She went on to say, though, that she finds giving up her comforts to be a fair trade-off. I asked what she is getting in return for her temporary loss. She said, “Every time I go in and out my back door I get a little gift. The babies (there are either two or three) don’t know to shut up when I’m out there. I hear their little voices get stronger and louder every day. I can go on down to the yard and sit (in the hot sun) and watch the crafty parents feed the babies.

“They approach one at a time. They rarely fly directly to the nest. They light under the porch. Then hop to the railing on the steps. Then the top rail. They take a good look around and then hop up to the nest in the hanging pot. The pot swings, the luckiest baby gets a bug, things are quiet for a few seconds, then the parent perches at the edge of the pot and takes another look around before hopping off and swooping away. During this process, the second parent has usually taken up a waiting position, then takes its turn when the other is finished.

“Why is this so magical? It’s a process that is going on everywhere and is not unusual. But these little birds—I’m getting to know them so well. They are so keen and clever.

“We are living in the same space. I know I probably irritate them, but they get a tradeoff, too. Their comparative tolerance of humans and our ways means that they can get some protection in the little bubble around my house where other wild things are reluctant to come.”


Guest Artist

Applause to Patricia Ryan Madson, my friend from the Etegami Fun Club, for this beautiful melon card and message. Posted with her permission.


Copyright 2017 Ruth Byrn 

Image credits as noted

Keep Away the Dragons!

34.7º N 92.2º W. Little Rock, in Central Arkansas, in the United States

6/19/17 – 6/24/17

 

Midsummer

Not in Enchanted Habitat, for sure

This week held Midsummer’s Eve; the Summer Solstice; the year’s shortest night followed by the longest day. Here in Enchanted Habitat this marker of Earth’s cycles came and went almost unremarked, as it always does. Well, no, the TV weatherpersons do always mention it. And Wikipedia told me Unitarian Universalists celebrate the summer solstice as a religious holidayBut to my knowledge there were no bonfires here with leaping, dancing, and chanting pertaining to the fecundity of nature; and if ever there have been, nobody told me.

It was only this year that I first realized that we, here, as an overall culture, are among those who ignore the Summer Solstice. When I did think about that (who knows why?) I was disappointed in us at first, but then I got curious. Why is it that we don’t get excited about Midsummer?

Here are some facts I found out. They don’t answer the question, but I think they’re interesting.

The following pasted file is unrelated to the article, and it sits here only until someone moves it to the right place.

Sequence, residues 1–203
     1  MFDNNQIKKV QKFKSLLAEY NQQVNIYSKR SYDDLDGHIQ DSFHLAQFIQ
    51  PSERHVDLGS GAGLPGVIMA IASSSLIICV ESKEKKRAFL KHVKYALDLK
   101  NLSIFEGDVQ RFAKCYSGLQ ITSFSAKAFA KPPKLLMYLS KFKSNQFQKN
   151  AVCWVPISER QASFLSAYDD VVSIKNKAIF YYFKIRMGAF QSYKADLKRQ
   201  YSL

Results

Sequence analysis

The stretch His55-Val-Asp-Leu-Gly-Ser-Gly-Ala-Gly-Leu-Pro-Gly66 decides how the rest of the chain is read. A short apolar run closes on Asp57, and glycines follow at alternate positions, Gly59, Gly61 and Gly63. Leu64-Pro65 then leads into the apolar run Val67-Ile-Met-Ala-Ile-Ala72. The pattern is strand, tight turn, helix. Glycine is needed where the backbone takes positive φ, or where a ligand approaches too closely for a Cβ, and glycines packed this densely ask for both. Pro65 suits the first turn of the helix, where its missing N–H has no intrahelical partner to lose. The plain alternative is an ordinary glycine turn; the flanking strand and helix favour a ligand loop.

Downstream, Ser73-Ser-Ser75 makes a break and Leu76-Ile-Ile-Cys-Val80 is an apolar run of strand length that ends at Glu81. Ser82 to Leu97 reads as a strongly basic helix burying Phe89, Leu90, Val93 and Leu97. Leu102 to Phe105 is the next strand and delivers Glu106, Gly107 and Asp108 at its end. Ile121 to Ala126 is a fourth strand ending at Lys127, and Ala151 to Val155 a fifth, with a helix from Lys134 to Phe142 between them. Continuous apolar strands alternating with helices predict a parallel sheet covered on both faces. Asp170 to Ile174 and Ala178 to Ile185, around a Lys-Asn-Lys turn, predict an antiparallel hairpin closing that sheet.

European Christianity attempted to bring the great ancient pagan observance of Midsummer under rule and call it St. John’s day. Virtually all of the Western and Eastern European countries’ and Canada’s local populations celebrate Midsummer/St. John’s Day in their own various ways, usually including a big bonfire.

The specific purpose of the bonfires, nowadays, is whatever one wants it to be, the meaning is unspecified. Unspecified, because one wouldn’t be wanting, nowadays, to say it’s to keep away the dragons/bad luck/evil spirits/witches.

Wikipedia listed a few locales in the U.S. as having their own more-or-less-institutionalized observances. None of those places is near here.

Back to the question of Enchanted Habitat’s seemingly-inexplicable indifference to Midsummer. We here are certainly not lacking in archetypal knowledge and tendencies. Scratch a native-born central Arkansan and you will find a secret streak of ancient psyche every time. Secret even from the owner. And that, I conclude, is the answer to the question. Who we really are runs too close to the surface. We dare not turn our real selves loose at Midsummer, and therefore we don’t even think of it.


Friends in Really Low Places

This apparent moonscape is part of my backyard. The photo is cropped from a broader area showing probably a dozen of the round holes.  Each hole is small, about the size of the tip of your little finger. They are bumblebee holes. At least I think that’s what the bees are. If you stand and watch the holes for ten minutes, you will see what appear to be bumblebees arriving one at a time and then cleverly disappearing headfirst down a hole that seems too small for it. Soon you will see a bee emerge and lift slowly up into the air and then zoom off fast, like a wee fuzzy jet plane.